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Ruf SCR 4.2 review - Reengineering excellence

The perfect blend of 90s looks, traditional 911 handling and quality engineering

Evo rating
Price
from £495,000
  • Incredible engine and a quality chassis, all in an old-school package
  • It drives like a 911, only a negative if you don't like 911s

To the uninitiated this might look like a humble Porsche 964. However, its big five-spoke alloys, cavernous cooling vents in its front bumper, tiny wing mirrors, and slotted rear bumper do give the game away that this is no ordinary 1990s Porsche. In fact it’s not even a Porsche at all: You're looking at Ruf’s naturally-aspirated 518bhp SCR 4.2.

Technical highlights?

The visual differences between the SCR and a 964 are positively subtle compared to what’s going on beneath the surface. Firstly, it's based on a 993 body-in-white and utilises the later car's multilink suspension. To improve dynamics and stability even further, Ruf has lengthened the wheelbase by 70mm by pushing the front axle forward by 50mm and the rear back by 20mm without extending the overall length. This stretched wheelbase is so artfully disguised that, if no one told you, you'd have little idea that anything was different.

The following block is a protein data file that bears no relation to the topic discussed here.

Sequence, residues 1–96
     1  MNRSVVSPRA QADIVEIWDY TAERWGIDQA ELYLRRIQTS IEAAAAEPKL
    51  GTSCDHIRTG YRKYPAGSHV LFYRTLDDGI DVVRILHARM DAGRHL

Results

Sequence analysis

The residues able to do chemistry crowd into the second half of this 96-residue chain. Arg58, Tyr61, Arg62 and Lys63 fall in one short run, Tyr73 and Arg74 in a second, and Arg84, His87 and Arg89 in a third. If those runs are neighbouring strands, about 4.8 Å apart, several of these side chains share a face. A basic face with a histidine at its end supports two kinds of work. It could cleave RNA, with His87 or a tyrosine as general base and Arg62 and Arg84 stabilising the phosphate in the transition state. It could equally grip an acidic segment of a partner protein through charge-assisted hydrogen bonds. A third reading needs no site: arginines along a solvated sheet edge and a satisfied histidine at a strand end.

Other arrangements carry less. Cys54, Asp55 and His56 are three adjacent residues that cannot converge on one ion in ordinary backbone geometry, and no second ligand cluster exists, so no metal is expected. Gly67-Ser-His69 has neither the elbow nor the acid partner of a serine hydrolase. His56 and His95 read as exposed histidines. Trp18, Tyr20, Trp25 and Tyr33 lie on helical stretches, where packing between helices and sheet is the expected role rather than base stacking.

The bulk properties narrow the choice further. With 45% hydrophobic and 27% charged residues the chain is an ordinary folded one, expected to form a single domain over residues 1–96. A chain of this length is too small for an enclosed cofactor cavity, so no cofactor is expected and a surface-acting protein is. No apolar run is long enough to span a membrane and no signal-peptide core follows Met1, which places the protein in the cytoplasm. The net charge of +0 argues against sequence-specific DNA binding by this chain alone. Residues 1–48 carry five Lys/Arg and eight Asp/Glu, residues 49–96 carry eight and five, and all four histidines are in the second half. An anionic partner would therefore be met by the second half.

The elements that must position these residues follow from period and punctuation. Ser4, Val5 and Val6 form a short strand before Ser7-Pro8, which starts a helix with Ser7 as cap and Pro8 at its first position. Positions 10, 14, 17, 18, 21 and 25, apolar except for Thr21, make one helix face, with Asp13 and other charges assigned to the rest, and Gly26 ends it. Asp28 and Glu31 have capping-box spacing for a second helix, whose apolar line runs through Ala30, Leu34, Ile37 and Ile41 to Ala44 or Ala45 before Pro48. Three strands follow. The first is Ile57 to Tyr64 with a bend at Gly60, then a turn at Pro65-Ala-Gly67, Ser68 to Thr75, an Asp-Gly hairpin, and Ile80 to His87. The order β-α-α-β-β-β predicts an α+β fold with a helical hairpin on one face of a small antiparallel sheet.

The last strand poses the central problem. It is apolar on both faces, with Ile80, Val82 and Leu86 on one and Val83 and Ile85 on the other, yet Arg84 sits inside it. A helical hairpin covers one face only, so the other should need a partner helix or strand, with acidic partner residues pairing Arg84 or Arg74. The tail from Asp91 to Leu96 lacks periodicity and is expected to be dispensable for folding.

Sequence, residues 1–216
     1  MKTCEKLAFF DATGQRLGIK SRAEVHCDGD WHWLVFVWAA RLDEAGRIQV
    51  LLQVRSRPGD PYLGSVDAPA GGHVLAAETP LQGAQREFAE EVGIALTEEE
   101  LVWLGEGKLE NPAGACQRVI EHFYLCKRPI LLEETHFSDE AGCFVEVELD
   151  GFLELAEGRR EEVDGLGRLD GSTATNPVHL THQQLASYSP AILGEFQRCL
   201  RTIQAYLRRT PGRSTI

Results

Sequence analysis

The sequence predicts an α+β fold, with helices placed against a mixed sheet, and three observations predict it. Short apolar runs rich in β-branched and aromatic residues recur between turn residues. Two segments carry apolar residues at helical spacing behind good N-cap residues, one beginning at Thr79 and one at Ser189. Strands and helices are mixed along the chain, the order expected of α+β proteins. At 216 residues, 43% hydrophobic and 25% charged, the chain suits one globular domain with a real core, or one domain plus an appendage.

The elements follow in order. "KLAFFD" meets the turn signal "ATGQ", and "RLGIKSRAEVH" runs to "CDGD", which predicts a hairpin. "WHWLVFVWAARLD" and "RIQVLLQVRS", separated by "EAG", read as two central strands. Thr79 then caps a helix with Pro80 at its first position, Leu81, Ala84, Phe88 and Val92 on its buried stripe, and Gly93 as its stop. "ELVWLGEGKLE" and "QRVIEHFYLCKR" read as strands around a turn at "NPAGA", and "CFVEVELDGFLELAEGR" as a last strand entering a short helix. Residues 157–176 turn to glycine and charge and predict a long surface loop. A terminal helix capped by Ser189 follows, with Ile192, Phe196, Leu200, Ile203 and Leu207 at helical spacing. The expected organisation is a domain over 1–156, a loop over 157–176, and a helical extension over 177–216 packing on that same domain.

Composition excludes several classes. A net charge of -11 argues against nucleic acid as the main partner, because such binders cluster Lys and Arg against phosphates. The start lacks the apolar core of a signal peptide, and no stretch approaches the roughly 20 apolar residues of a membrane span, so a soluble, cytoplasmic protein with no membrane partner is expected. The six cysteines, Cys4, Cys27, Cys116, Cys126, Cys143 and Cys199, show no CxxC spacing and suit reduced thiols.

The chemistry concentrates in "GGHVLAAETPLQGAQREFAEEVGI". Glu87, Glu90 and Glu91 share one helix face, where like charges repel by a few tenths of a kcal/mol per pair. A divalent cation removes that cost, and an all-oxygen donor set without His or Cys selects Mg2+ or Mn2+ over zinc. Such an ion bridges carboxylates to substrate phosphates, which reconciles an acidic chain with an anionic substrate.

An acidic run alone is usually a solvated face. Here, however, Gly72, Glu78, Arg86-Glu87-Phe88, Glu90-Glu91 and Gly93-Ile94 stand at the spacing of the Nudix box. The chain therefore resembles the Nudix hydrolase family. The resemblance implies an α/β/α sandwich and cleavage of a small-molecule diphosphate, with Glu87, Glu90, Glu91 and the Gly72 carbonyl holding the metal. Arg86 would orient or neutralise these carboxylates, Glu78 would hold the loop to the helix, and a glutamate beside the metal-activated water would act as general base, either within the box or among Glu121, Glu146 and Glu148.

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> Find out more about Ruf's latest car, the CTR 2017

The structure isn’t finished there though; Ruf also welds in an integrated roll cage to add some stiffness. The architecture is then covered with 964-alike carbonfibre bodywork that further increases the body’s strength while also helping keep the SCR’s kerb weight down to 1200kg.